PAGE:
Definition and origin of the term

Asperger's syndrome (AS), or Asperger syndrome, or Asperger disorder, or simply Aspergers (/ˈɑspərɡərz/ or /ˈæspərɡərz/) is an autism spectrum disorder (ASD).  Aspergers in adults and children is characterized by difficulties in communication and social interaction as well as restricted and repetitive behavior patterns and interests.

Asperger's Syndrome (named after the Austrian pediatrician Hans Asperger) was first identified in the 1940s, but became widely understood and diagnosed in the English-speaking world not long time ago.  It is now estimated that one in 100-200 people, most of them male, may suffer from either autism or Asperger's Syndrome.

Asperger's Syndrome in adults

Aspergers in adults
Autism spectrum disorders are a lifelong condition.  Among adult ASD population majority belongs to Asperger's Syndrome (Fig. 1).  Teenagers with Aspergers getting to 18 wonder what next.  There is evidence that Aspergers teenagers may see a lessening of symptoms in adulthood; up to 20% of children may no longer meet the diagnostic criteria as adults, while communication difficulties may still persist.  Despite their outward appearance and intelligence they need support across many aspects of their lives.

Independent adults with ASD
Since Aspergers in adults can stabilize over time, it provides an opportunity to cope with everyday life and improve social skills and behavior.  In fact, most adults with Aspergers marry (Table 1), have children and lead a fulfilling personal and professional life.  As an example, ASD has not prevented Vernon L. Smith and Paul Dirac from major accomplishments such as winning the Nobel Prize.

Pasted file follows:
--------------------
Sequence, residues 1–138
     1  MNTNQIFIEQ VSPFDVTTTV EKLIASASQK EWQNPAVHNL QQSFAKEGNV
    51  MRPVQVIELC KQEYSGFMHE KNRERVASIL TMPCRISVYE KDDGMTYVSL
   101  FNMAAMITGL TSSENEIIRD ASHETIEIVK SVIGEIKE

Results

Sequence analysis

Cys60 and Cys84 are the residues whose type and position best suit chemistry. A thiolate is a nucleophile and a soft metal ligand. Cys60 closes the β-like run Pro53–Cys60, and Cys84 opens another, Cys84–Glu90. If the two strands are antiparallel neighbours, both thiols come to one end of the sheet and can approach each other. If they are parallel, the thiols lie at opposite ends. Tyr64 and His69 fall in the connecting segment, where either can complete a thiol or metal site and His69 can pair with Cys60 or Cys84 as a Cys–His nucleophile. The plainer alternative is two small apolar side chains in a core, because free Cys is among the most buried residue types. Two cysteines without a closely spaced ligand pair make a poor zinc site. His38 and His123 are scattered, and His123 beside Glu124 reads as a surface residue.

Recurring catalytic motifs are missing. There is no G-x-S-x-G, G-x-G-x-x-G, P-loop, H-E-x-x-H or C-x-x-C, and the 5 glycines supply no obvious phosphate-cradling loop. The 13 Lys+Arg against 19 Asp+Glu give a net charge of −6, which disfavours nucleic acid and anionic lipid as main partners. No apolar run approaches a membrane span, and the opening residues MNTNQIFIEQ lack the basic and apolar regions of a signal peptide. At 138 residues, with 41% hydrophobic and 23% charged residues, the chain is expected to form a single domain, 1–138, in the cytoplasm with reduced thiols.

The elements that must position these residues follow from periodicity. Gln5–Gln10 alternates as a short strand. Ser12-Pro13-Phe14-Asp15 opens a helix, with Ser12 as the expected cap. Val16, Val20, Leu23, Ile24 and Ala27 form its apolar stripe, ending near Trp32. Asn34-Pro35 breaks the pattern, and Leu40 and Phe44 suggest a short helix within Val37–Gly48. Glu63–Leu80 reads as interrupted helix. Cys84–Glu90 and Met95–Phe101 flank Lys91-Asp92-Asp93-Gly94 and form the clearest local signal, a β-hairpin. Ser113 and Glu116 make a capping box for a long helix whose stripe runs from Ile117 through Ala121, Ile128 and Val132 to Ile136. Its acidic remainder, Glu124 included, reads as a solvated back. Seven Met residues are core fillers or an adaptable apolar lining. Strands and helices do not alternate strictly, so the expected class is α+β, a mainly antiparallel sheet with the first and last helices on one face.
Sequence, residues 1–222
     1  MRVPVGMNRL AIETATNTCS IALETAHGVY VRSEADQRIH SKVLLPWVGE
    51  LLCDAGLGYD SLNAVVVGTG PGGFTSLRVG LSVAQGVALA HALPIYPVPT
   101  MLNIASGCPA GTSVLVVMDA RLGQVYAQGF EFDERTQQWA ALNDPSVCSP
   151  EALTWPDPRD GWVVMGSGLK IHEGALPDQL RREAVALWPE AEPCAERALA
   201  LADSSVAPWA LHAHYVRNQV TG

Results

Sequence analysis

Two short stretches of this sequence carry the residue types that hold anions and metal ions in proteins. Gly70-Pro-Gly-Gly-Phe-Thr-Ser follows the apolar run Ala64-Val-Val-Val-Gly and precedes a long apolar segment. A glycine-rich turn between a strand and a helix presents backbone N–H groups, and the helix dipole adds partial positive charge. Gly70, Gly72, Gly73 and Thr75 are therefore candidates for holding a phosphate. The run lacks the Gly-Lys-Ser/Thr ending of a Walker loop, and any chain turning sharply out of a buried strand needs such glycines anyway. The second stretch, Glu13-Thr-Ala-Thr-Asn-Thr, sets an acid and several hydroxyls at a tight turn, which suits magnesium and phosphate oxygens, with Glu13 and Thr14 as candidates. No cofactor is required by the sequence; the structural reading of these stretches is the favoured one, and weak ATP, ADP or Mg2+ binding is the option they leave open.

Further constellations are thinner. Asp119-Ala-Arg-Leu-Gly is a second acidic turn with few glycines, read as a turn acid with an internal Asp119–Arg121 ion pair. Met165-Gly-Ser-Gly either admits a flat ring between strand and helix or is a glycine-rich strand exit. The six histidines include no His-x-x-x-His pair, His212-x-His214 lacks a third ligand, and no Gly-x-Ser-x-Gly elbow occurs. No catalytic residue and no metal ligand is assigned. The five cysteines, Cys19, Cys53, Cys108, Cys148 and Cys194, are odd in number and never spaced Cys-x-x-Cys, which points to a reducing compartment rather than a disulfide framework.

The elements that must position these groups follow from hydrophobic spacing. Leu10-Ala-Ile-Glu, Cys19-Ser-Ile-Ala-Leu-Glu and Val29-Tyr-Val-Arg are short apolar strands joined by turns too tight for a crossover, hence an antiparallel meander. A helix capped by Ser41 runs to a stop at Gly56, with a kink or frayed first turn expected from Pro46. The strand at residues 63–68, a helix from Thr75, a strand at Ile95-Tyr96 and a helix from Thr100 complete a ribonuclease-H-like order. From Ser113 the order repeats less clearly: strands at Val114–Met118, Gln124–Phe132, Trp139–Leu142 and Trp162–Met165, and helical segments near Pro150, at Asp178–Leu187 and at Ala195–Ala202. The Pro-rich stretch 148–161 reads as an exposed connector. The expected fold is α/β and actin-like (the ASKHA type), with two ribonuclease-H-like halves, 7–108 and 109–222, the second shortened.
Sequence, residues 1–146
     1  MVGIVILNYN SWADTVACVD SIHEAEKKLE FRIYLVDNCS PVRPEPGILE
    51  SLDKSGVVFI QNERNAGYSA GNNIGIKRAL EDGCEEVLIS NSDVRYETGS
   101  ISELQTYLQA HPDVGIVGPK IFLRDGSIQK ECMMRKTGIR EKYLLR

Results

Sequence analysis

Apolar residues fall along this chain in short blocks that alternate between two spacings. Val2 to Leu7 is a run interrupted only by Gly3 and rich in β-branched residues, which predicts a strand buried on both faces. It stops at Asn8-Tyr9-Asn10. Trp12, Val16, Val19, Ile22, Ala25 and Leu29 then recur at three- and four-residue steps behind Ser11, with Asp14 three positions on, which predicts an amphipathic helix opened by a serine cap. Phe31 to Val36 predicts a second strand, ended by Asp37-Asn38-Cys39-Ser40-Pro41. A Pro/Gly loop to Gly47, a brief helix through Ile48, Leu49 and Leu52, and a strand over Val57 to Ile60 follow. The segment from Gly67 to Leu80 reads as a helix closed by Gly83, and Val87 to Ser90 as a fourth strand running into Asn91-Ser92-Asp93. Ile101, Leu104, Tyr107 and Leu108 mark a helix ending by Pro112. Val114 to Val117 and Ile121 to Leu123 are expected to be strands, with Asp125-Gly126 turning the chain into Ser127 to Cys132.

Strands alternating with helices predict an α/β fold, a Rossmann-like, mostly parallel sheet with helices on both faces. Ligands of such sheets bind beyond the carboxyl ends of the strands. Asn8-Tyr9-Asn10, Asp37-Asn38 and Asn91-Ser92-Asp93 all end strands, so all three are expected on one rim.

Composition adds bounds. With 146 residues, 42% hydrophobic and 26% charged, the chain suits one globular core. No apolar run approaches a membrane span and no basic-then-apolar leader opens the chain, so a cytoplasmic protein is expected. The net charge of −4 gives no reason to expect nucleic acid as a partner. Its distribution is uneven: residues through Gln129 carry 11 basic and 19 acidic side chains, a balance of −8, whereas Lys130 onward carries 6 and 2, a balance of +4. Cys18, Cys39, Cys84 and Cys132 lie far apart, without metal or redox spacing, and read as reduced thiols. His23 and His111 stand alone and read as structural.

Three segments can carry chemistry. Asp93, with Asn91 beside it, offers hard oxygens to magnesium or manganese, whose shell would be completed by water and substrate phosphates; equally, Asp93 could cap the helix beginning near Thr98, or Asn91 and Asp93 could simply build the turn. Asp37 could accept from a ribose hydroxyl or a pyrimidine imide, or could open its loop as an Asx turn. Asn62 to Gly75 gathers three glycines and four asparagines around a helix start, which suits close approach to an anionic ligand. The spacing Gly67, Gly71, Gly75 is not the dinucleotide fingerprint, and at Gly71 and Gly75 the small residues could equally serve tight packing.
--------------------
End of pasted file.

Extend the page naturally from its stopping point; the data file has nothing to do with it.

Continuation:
Working with autism spectrum disorders

The hardest period for teenagers with Aspergers Syndrome is the period of early adulthood, especially entering the world of university or work.  While many people with ASD may have high IQs and be technically and logically extremely proficient, Aspergers in adults does result in inability to relate to other people.  In some careers, this may not matter.  But in other professions, the syndrome can be a massive problem.  As a suggestion, careers that rely on short memory should be avoided, e.g.: cashier, waitress, taxi dispatcher, air traffic controller, receptionist etc.

Please use the included resources to find more information about Aspergers in adults and Asperger's Syndrome screening, testing, diagnosis, therapies, prognosis etc.